Where were you on Saturday, November 6th, 2010? If you live in (or near) Austin, you were definitely at the Gypsy Picnic. How do I know? Because the entire city and its surrounding suburbs seemed to be in attendance. The crowds that congregated on Auditorium Shores became prohibitively large, making any attempt to enjoy the event completely futile. Unfortunately, that’s probably what the Picnic will be remembered for, rather than a great celebration of Austin’s unique food scene. Sit back and get comfy, this is gonna get long*.
The Gypsy Picnic had been a fixture on both Ev’s and my calendar since the moment we heard about it. With 30 local food carts, trailers, and trucks in one place, live music to keep you entertained between feedings, and a large outdoor venue on a beautiful Fall day, there isn’t much else out there that could have gotten us this excited. Not wanting to get left out, we even volunteered some of our time during the event to hand out The Trailer Food Diaries.
Being the diligent picnic goers that we are, we took advantage of an ACL-esque website and we planned out our food itinerary for the day. We primarily chose untested vendors, though there were a few tried-and-trues I couldn’t pass up. As soon as we arrived we picked up our Volunteer shirts, grabbed a sack full of The TF Diaries, and made a beeline for the nearest coffee stand. Of the three options, we hit up Patika Coffee for some French Pressed java and to warm us up on the chilly morning. I thought the coffee was fantastic, and would unquestionably get my daily buzz from them (if they made their way up to my neck of the woods, hint hint).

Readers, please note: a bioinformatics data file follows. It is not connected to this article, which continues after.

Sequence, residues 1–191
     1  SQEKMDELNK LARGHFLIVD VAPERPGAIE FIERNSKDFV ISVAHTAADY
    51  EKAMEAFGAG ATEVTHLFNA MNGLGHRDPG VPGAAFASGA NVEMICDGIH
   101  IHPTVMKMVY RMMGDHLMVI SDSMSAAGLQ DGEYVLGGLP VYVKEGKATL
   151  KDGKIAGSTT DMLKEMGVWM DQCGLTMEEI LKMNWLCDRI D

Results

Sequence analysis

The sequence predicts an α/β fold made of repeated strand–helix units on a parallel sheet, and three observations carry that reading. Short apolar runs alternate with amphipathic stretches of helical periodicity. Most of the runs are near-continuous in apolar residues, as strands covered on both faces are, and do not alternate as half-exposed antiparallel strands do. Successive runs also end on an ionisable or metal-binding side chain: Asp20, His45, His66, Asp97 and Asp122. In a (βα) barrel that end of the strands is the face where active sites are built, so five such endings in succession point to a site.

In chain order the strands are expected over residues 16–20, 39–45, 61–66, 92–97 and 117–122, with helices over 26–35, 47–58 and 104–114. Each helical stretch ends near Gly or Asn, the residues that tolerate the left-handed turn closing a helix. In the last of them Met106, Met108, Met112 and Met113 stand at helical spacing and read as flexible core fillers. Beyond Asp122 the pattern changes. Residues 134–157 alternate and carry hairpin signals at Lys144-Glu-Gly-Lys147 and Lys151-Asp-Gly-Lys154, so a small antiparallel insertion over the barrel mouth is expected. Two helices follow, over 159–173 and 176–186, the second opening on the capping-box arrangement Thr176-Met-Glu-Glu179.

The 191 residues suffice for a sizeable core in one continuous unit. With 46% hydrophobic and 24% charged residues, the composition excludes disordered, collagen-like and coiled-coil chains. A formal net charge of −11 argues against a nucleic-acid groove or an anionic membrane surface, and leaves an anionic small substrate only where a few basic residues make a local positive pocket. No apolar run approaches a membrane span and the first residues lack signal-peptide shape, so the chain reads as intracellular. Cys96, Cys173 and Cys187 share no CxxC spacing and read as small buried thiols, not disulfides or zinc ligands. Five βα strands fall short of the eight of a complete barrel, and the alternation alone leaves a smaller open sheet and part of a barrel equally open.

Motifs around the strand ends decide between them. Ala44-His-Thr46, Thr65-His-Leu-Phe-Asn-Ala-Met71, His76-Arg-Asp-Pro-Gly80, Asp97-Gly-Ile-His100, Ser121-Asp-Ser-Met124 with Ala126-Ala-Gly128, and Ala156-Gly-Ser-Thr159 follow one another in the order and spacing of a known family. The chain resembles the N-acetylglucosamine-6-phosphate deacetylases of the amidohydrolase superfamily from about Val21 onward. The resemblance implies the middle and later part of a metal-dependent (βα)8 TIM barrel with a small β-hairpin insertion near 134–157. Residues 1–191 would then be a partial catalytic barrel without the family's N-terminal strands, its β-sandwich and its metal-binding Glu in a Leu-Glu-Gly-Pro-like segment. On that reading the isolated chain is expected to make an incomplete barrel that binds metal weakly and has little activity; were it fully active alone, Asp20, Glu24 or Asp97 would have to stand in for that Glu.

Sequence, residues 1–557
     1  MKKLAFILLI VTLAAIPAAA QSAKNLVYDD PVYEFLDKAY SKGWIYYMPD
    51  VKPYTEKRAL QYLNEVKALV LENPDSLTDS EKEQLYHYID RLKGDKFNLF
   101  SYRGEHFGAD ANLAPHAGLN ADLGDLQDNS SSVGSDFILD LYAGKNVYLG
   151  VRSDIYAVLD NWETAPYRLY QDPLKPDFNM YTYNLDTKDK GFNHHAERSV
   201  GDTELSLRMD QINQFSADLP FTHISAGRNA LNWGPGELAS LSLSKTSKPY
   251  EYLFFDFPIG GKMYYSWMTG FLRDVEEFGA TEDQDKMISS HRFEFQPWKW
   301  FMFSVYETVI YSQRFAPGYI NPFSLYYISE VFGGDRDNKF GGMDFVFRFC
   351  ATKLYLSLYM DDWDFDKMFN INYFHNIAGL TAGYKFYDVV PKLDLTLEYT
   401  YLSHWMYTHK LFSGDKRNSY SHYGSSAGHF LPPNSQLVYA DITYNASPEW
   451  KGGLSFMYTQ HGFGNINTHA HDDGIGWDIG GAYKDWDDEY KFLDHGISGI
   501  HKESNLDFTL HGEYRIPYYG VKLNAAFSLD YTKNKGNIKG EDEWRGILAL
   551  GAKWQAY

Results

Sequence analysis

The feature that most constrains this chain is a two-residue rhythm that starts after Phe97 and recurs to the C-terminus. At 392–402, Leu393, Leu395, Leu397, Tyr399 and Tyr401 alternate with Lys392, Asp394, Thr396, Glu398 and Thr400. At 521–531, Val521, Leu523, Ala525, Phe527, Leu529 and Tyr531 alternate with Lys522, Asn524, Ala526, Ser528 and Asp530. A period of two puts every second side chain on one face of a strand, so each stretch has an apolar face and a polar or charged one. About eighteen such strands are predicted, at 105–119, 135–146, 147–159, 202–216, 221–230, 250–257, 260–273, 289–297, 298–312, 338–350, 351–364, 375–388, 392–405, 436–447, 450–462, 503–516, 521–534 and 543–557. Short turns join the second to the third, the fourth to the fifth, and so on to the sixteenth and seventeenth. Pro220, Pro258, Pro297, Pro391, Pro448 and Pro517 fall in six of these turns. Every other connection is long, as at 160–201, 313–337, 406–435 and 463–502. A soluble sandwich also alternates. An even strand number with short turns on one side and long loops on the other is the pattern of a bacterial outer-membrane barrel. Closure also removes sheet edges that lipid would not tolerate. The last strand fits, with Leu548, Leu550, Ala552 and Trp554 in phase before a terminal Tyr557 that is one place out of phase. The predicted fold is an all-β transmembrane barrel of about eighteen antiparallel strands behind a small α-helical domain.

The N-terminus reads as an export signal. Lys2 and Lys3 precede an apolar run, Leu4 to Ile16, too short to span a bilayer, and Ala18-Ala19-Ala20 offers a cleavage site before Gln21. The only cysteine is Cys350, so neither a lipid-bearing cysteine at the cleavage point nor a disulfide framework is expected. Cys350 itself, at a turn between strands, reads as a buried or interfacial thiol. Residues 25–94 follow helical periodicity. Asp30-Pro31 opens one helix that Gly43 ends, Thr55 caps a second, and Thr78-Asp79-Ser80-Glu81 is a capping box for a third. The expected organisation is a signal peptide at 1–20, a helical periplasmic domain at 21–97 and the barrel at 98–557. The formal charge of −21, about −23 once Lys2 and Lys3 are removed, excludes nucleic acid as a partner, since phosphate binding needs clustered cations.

Without skipping a beat we carried our coffees over to find Royito’s for some highly-touted breakfast tacos. Fortunately, we got distracted by the Jalopy Rotisserie and Press and picked up The Original. This time around it was a half-sandwich and suffered a little from being mass-produced. It’s hard to put my finger on it, but I think some of the pieces of chicken weren’t great and it could have used a little more heat. They had some homemade chile oils that would have solved that issue, so I’ll take the blame on that one.
While Ev started on the sandwich, I headed over to Royito’s to grab a breakfast taco. With the limited menu and remembering what I’ve heard in past reviews, I went with the Picadillo. It was good, but not breakfast-y enough, consisting of delicious ground beef, potatoes, peppers and onions, but no eggs. The salsa, however, was killer! They had jars for sale at the trailer and I can see why. Unfortunately I probably won’t have access to Royito’s again any time soon, since they’re only open weekday mornings downtown.